10/31/2009. Remarks by Kees Kort: "The picture shows one of the myriad versions of the Breguet biplane, which was produced between 1910 and 1914. Breguet used a complex letter-number designation for the engine used in the machine. This machine uses a 70 hp Renault engine driving a four bladed propeller. In the Breguet system it was then coded as L (= Renault) 2 (70 hp). It might seem strange to code the Renault engine with the letter L, but the letter R was already taken by the R.E.P. engine. Code 2 stood here for 70 hp, where code 1 denoted 50 hp. Very clever, but difficult.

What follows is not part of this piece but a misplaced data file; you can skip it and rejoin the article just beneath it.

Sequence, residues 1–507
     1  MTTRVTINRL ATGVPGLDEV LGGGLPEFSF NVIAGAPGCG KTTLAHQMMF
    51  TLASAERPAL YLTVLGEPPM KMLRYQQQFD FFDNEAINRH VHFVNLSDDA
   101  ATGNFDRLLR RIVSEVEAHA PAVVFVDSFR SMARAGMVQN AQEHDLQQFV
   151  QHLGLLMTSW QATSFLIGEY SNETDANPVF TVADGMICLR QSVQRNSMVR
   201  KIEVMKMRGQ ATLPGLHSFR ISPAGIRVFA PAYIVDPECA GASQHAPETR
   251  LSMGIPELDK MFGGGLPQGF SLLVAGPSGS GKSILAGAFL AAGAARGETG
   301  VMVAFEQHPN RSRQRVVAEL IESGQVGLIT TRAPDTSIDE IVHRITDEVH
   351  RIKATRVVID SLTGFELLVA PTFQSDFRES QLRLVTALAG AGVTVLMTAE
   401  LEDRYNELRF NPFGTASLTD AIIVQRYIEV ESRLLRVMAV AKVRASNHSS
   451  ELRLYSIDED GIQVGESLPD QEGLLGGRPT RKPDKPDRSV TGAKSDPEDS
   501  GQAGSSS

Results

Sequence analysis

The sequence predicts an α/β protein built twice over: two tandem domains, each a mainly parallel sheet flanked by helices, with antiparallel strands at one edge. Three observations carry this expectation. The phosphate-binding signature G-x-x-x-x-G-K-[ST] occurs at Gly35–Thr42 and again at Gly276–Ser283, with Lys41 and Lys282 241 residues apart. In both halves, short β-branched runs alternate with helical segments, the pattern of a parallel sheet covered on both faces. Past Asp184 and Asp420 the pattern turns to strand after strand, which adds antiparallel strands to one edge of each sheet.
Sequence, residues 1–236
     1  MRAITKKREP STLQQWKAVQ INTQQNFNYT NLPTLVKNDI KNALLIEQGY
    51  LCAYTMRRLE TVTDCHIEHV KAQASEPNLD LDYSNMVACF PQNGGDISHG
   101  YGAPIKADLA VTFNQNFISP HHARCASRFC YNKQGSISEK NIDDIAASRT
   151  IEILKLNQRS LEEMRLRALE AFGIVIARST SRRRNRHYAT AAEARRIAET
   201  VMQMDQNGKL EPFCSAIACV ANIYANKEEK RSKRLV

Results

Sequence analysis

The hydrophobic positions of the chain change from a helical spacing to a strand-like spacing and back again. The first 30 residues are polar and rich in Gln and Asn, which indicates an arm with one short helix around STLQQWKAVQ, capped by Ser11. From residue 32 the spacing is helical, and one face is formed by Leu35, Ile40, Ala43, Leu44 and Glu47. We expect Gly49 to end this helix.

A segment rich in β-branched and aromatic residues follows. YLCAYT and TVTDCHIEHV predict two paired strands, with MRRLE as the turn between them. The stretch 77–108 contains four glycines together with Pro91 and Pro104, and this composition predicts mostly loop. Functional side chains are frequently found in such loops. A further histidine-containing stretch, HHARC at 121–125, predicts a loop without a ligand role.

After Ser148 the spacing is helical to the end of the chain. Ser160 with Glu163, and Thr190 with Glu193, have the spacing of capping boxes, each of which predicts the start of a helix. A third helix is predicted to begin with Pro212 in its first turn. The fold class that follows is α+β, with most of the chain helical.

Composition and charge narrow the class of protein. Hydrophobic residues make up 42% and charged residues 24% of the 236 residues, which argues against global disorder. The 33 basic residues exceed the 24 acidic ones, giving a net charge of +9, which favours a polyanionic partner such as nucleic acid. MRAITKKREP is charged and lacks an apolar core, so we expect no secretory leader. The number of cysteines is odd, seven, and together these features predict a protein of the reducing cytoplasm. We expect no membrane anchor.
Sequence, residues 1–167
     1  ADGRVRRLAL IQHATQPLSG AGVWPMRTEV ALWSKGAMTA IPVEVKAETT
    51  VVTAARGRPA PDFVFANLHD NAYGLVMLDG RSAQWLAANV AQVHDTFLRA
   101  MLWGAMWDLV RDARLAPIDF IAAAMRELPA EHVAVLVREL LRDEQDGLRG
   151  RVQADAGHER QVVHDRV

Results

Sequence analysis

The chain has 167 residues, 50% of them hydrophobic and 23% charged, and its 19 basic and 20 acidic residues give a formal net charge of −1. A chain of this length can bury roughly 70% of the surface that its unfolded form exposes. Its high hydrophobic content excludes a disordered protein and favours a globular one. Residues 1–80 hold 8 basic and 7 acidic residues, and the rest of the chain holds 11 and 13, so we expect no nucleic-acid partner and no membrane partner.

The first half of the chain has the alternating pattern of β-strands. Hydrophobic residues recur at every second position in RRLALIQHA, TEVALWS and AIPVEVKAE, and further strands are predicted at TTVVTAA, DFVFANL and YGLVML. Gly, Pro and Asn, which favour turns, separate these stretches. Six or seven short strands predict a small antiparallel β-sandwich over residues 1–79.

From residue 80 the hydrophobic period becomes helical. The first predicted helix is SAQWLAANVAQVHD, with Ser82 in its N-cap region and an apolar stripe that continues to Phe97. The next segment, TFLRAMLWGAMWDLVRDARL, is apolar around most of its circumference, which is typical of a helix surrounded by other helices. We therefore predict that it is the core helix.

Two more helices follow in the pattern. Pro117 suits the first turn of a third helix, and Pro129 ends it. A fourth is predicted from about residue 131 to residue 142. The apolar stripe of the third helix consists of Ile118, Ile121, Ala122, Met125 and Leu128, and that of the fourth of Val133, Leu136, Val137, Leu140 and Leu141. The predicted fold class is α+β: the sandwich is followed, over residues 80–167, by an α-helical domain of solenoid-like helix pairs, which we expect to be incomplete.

The machine had a tricycle undercarriage with a nose wheel. Of course there were undercarriage skids to prevent the machine from nosing over. The big bulb in the front of the fuselage is the petrol tank. After the tank is a compartment holding 2 persons and the pilot at the back. Imagine that the Breguet Biplane managed to set a world record for bringing it up with seven passengers! The whole fuselage was a metal construction and in this version the big wings are two-bay. The Royal Flying Corps (RFC) around August 1912 bought two machines of this exact type (L.2). They lasted till December 1913 but did very little flying, at most a few hours."